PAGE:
• "This reduction could be due to the fact that the changes to the ANC protocol initiated by the Ghana Health Service in 2005 were not fully implemented in 2006 as they were by 2011 when this study was conducted. The finding from this study partly corroborates that of another study conducted in Uganda that reported an association between malaria and helminths with adverse birth outcomes [8]. In this study, only helminths that cause blood loss were associated with adverse birth outcomes. "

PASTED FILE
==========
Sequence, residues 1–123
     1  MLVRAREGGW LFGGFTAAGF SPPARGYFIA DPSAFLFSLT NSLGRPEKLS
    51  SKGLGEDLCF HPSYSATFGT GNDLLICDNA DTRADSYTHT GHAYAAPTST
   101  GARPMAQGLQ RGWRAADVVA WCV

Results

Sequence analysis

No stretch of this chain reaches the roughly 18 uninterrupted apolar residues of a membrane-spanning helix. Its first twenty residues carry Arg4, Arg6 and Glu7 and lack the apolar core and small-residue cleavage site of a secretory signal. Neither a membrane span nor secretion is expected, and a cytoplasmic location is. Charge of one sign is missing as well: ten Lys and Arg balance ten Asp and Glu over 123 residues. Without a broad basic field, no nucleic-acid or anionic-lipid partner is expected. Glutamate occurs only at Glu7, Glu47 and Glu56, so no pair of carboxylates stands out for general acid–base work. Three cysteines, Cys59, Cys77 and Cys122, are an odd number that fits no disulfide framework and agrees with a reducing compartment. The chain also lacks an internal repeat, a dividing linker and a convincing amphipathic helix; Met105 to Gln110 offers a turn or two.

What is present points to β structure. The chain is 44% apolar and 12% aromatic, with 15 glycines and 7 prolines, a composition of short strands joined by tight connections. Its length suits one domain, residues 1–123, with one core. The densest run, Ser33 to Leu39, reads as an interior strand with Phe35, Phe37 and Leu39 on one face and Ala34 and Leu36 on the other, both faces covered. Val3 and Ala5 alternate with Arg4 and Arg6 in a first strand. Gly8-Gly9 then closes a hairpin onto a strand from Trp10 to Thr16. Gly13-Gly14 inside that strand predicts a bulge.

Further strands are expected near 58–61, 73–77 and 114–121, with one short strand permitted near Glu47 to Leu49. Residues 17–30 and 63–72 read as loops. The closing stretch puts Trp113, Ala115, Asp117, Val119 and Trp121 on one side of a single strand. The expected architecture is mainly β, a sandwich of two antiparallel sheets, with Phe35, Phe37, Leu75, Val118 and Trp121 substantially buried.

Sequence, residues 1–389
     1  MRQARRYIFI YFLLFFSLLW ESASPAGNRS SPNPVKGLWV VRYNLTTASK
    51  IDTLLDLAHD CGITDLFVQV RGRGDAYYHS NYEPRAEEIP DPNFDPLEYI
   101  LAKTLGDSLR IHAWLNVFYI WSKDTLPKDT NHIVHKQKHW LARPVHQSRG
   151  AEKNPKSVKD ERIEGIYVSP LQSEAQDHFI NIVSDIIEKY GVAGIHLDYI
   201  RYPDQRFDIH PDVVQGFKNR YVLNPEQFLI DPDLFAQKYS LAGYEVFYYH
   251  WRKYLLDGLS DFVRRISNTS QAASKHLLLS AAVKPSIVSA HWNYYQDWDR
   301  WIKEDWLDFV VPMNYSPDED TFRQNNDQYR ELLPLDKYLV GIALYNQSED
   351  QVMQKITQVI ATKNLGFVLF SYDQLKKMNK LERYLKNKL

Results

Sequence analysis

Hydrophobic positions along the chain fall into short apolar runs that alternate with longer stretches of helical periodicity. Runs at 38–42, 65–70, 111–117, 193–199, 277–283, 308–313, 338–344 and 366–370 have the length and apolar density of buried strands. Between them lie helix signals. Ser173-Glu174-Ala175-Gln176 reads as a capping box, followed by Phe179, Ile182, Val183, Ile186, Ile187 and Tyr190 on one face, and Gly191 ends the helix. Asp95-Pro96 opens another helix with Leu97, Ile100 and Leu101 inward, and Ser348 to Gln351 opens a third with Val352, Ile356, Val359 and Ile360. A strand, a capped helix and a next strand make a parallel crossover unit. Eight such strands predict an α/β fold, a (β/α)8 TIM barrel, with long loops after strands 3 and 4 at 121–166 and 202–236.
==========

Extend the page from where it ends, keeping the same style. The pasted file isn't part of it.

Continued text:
[Show abstract] [Hide abstract] ABSTRACT: Aim: In 2005, the Ghana Health Service mandated malaria and helminths chemoprophylaxis during antenatal care visits. The aim of this study was to investigate the prevalence of malaria and helminth infections and their relationship with adverse birth outcomes (low birth weight, stillbirth, and preterm) following the implementation of these treatments. Study Design: A quantitative cross-sectional study. Method: The study was conducted on 630 women presenting for delivery in the Komfo Anokye Teaching Hospital and the Manhyia District Hospital from July to November 2011. Socio-demographic information and medical and obstetric history were collected. Laboratory analyses for the presence of malaria and helminths were performed. Association of malaria and helminths with birth outcomes was assessed using logistic regression to obtain odds ratios (ORs) and 95% confidence intervals. Results: The prevalence of malaria, helminths and adverse birth outcomes was 9.0%, 5.0% and 22.2%, respectively. Compared with women who received malaria prophylaxis, women without malaria prophylaxis were two times more likely to have malaria infection (aOR = 2.1; 95% CI = 1.06-4.17). Women who were not screened for helminths were twice as likely to be infected with helminths (aOR = 2.4; 95% CI = 1.15-5.12) than women who were screened for helminths. For women infected with hookworm or Schistosoma mansoni, the odds of having an adverse birth outcome (aOR = 3.9; 95% CI = 1.09-14.20) and stillbirth (aOR = 7.7; 95% CI = 1.21-36.38) were greater than for women who were not infected. Conclusion: The prevalence of malaria, helminths and adverse birth outcomes was lower than previously reported 9.0% vs. 36.3, 5.0% vs. 25.7 and 22.2% vs. 44.6, respectively. Helminth but not malaria infection was found to be significantly associated with adverse birth outcomes.